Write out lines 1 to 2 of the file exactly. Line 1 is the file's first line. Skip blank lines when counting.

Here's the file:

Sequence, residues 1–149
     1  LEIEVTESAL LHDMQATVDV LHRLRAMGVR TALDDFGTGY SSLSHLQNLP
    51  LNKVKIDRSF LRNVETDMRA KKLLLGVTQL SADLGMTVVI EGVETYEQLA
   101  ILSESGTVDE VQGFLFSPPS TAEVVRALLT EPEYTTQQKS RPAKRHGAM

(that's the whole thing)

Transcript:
Sequence, residues 1–149
     1  LEIEVTESAL LHDMQATVDV LHRLRAMGVR TALDDFGTGY SSLSHLQNLP